After I had a stroke, I wanted to get back to cooking.

I loved cooking before and still wanted to cook for my family, friends, and myself. I had to come up with methods and tools to reduce the fatigue of cooking while keeping the satisfaction!

These are the tools I use daily.

They might suit you too!


Small ‘Prep” bowls

Small ‘prep’ bowls are great for individual ingredients that you might chop/slice in the morning ready for use in a dish later in the day or evening (spreading your energy over two periods of effort).

A bench top mini bin

Saves time and energy.


A small basic electric rice cooker

Allows you to measure rice, add water earlier in day and turn on when needed.


A microwave food cover

Good for re-heating food without having to manage plastic wrap.

A small food processor

Saves time and energy.


A small electric kettle

A small electric kettle that holds less than 1 Litre of water is lighter and safer to use one-handed.


A small slow cooker

Prepare in the morning, eat at night.


A colander that stands by itself

A self-standing colander means you can use one hand to strain hot or cold liquids/foods.


A cookbook or ‘tablet’ stand

Leaves your hand free for cooking.


Easy to use tea towel or hand-towel holder

These push-in holders are easy.


Battery operated salt and pepper grinders

Grind easily with one hand.


Flip tip storage containers

Easy to open and use for everyday ingredients.


Small screw top jars

Easy to use for herbs and spices.
Put on a non-slip mat and unscrew.


Water jugs that fit into the door of your fridge with handle

Encourages you to keep hydrated and the handle makes it easier.


Garlic press with self-cleaning function

Easy to use and clean.


Glass measuring jug

A max 500ml heatproof glass jug is useful for measuring or decanting hot liquids or for use with a stick blender.


One handed juicer

Great for squeezing lemon or lime juice in your dressings.


Small sturdy trolley

Useful for gathering ingredients from pantry or fridge to where you want to use them.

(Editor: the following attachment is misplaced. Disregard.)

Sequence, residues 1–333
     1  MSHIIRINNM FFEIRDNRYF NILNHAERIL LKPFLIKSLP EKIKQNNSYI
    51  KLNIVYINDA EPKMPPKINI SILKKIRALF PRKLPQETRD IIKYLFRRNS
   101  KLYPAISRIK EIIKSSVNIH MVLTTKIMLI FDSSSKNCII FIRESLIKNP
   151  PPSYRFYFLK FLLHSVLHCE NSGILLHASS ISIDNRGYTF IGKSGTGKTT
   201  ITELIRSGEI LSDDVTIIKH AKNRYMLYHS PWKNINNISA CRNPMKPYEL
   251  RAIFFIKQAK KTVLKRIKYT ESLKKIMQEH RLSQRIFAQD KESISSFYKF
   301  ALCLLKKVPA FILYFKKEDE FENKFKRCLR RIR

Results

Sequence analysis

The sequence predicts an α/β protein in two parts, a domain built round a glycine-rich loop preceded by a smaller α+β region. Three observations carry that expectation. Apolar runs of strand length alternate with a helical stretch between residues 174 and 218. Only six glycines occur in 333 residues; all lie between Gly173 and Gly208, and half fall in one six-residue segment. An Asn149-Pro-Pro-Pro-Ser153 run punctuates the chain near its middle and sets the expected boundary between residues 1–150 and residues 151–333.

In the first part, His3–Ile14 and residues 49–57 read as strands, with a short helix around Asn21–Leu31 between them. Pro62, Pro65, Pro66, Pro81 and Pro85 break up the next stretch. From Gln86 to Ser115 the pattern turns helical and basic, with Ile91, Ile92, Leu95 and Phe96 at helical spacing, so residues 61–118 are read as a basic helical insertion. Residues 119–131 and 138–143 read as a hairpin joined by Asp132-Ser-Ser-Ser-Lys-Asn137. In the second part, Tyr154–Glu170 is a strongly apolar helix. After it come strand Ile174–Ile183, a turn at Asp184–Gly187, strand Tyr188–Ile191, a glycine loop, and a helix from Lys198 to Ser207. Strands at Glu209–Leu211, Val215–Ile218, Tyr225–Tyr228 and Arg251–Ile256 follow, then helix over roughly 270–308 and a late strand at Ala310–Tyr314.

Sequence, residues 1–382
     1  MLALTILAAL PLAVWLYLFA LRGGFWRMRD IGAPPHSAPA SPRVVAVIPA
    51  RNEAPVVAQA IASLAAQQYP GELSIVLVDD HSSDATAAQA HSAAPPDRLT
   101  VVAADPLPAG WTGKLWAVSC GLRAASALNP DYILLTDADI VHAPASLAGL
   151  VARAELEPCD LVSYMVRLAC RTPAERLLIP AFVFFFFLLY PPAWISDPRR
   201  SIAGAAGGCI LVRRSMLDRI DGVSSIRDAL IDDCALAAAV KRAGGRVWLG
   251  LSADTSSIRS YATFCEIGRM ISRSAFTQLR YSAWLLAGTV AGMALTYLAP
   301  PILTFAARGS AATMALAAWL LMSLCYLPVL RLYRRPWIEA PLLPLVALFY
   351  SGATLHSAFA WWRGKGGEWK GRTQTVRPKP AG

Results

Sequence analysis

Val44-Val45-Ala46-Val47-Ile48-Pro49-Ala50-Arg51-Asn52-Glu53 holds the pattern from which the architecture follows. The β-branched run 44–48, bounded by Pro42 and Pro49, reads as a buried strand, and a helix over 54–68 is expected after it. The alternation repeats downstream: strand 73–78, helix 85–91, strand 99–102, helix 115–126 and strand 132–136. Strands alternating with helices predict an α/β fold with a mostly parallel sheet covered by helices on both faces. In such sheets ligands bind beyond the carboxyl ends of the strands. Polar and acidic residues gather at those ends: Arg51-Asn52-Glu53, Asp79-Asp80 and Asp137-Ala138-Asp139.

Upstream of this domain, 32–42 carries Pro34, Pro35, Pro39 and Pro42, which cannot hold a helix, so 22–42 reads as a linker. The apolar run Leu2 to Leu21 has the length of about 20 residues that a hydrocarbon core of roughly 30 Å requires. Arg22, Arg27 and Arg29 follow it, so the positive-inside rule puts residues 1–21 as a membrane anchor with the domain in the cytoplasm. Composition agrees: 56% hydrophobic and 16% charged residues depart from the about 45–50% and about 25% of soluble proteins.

For taking your plated meal to a dining room.


Glass ovenproof & freezer safe storage containers with click lids

These containers are good for re-heating or for freezing leftovers.


Individual ramekins or casseroles

Make cooking and serving casseroles, baked egg dishes or sides easier.


Personal water bottle with carry handle

You can hang on to the handle when walking.


Insulated lunch bag with carry handles

Easy to carry.
Can also sit in your lap if you use a wheelchair, or in your basket if you use a walker.


Kitchen scissors

Using scissors can be easier than using a knife to cut up ingredients.
I use mine to cut bacon or salami into strips; chop herbs; cut up soft cheeses etc.


Measuring tools with handles

Almost any kitchen tool is easier to use if it has a handle.


Mortar and pestle

Easy to use because the base is heavy and ...
You can use it one handed to blend herbs, spices, pastes etc.


Electric blender/mixer/chopper

Light, one handed, versatile kitchen tool.
I use the chopping function almost every day to chop onions, garlic, herbs, nuts.


A set of small colour coded chopping boards

Small boards with nonslip mat are light making transfer of ingredients to a pan or bowl easier.
Coloured for food hygiene rules.


Kitchen tongs

Variously sized kitchen tongs can be easier to use than egg flips, serving forks, serving spoons.


Nonslip mat

Great to put under boards and bowls for stability and use a cut square to help opening jars.


Peelers of different types

Many types available .
Best to try to see which one suits you best.


A Santoku style knife

It is important to use sharp knives, a blunt knife will generally result in more injuries and frustration.


Silicon Utensils

Silicon utensils are lighter to use and easier to clean.
Just don’t leave them in a hot pan.


Stackable bowls with lip and rubberised base

Stackable bowls with a pouring lip and rubberised base are safer and easier to use.


Good quality pans

My ideal saucepans and frying pans/skillets are good quality non-stick pans with glass lids and insulated rubber handles (e.g.: “Circulon” brand).